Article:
POLITICS

Rep. Liz Cheney Goes On ‘Hooey’ Rant About The Green New Deal

The third-ranking House Republican blasted the sweeping progressive resolution proposed last week and falsely said it would outlaw planes, cars and gasoline.

Rep. Liz Cheney of Wyoming, the third-ranking House Republican, falsely claimed Tuesday that the Green New Deal seeks to “outlaw” airplanes, cars, gasoline and “probably the entire U.S. military.”

Cheney’s comments, which came during a congressional hearing on climate change, parroted a tweet that President Donald Trump posted last week. She said constituents in Wyoming are particularly concerned that the Green New Deal, a sweeping resolution aimed as decarbonizing the U.S. economy to prevent catastrophic climate change, would mean no more air travel.

“It’s going to be crucially important for us to recognize and understand when we outlaw plane travel, we outlaw gasoline, we outlaw cars ― I think, actually, probably the entire U.S. military ― because of the Green New Deal, that we are able to explain to our constituents and to people all across this country what that really means,” Cheney said.

Cheney referred to a “frequently asked questions” document that Rep. Alexandria Ocasio-Cortez’s (D-N.Y.) office circulated but, as The Washington Post reported, that version didn’t accurately portray what was in the resolution. That FAQ, one of at least two versions that went out, called for building “high-speed rail at a scale where air travel stops becoming necessary.”

“That means that the government is going to be telling people where they can fly to and where they can’t,” Cheney said. “And I would assume ― I guess that means our colleagues from California are going to be riding their bicycles back home to their constituents.”

To be clear, the Green New Deal says nothing about eliminating airplanes, cars or the military. Instead, the non-binding resolution ― introduced last week by Ocasio-Cortez and Sen. Ed Markey (D-Mass.) ― outlines lofty goals of reaching net-zero emissions by 2050, building climate-resilient infrastructure and reversing income inequality by creating high-wage green jobs.

Rep. Jared Huffman (D-Calif.), one of nearly 80 co-sponsors of the resolution, said Cheney’s line of questioning was “based on absolute hooey” and that no supporter wants to ban air travel.

“That’s absolutely crazy,” Huffman said. “None of us want to do that.”

“There comes a point where this type of questioning is so disingenuous and so completely disconnected from anything factual that there ought to be a mechanism to strike it from the record,” Huffman added. (Cheney walked out of the hearing during Huffman’s response.)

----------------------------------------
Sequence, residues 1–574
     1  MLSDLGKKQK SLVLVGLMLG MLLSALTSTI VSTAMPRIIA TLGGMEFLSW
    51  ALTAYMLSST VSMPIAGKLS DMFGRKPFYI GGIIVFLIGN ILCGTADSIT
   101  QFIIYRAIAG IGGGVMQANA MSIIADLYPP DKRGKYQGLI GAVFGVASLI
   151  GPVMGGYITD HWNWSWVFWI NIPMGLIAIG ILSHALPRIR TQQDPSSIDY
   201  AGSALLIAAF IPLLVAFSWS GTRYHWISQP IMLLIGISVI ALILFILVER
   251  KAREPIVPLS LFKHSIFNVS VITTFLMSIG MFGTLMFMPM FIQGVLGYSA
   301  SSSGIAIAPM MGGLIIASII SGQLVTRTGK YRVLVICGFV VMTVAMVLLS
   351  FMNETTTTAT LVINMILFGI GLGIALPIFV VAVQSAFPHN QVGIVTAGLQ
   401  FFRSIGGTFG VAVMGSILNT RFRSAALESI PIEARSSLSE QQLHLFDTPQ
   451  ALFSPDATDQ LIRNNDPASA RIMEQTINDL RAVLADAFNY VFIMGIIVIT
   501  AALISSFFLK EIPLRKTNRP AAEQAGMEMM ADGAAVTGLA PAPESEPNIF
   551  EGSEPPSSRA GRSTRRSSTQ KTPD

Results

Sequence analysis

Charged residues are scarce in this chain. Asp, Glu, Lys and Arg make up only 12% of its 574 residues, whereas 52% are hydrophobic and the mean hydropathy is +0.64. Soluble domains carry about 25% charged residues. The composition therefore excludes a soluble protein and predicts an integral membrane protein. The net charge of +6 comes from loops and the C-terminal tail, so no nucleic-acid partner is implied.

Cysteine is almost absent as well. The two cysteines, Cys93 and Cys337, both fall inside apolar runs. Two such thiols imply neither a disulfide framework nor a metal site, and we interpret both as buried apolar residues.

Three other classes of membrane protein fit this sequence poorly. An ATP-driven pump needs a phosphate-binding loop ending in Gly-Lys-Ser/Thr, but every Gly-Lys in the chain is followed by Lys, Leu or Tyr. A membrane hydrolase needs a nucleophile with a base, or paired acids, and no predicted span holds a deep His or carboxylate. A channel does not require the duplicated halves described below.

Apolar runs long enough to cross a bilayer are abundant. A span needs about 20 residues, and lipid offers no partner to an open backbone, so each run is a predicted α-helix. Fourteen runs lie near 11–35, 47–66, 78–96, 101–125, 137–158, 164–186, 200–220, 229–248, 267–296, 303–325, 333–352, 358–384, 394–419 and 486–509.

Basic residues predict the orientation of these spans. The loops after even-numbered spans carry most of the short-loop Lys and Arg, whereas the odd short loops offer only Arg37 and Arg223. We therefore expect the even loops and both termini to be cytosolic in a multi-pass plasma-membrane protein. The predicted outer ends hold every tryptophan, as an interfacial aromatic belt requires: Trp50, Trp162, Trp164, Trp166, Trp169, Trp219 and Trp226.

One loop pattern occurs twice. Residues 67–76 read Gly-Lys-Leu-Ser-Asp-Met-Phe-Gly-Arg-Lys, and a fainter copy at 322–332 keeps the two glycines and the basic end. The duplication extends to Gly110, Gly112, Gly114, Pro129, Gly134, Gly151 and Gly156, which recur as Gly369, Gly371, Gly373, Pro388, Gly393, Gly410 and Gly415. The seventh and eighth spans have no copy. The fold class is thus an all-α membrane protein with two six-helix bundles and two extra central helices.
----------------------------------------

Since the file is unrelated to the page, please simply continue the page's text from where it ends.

Huffman noted that the unofficial FAQ was later removed. In a post to Twitter over the weekend, Ocasio-Cortez’s chief of staff Saikat Chakrabarti wrote that “an early draft of a FAQ that was clearly unfinished and that doesn’t represent the GND resolution got published to the website by mistake.”

There comes a point where this type of questioning is so disingenuous and so completely disconnected from anything factual that there ought to be a mechanism to strike it from the record. Rep. Jared Huffman (D-Calif.)

That hasn’t stopped conservatives from using the document as fodder.

House Republicans launched an assault on the Green New Deal during a pair of congressional hearings on climate last week, dismissing it as a “top-down” and “impossible” proposal. Like Cheney, Rep. Louie Gohmert (R-Texas) took to misrepresenting the plan, stoking fears that it would mean shuttering military bases around the globe and cutting military spending by 50 percent ― proposals floated by former Green Party presidential nominee Jill Stein back in 2016, but not by any co-sponsor of the resolution.

The attacks have only continued. On the Senate floor Tuesday, Sen. John Thune (R-S.D.) dubbed the Green New Deal a “socialist fairy tale.” At Tuesday’s hearing of the subcommittee of the House Natural Resources Committee, Rep. Paul Gosar (R-Ariz.) also called it “socialist fairy tale” and said Democrats are trying to “replace six-figure energy jobs with bioenergetic hemp farms and wind-powered coffee shops.”

Cheney, the daughter of former Vice President Dick Cheney, also took an opportunity Tuesday to go to bat for the fossil fuel industry ― a top donor of her congressional campaigns. Residents of Wyoming ― the largest coal-producing state in the country ― are concerned about the impact a Green New Deal would have on local economy and the energy sector as a whole, she said.

“The reliability is something that simply cannot be replaced,” Cheney said of coal. “It’s a national security issue, in addition to an economic issue.”

But so is the climate crisis. In a dire report late last year, the United Nations’ Intergovernmental Panel on Climate Change (IPCC) warned that warming beyond 2.3 degrees Fahrenheit above pre-industrial levels would result in $54 trillion in damages. And the Pentagon released an alarming report last month detailing how dozens of U.S. military bases are already threatened by rising seas, drought and wildfire.

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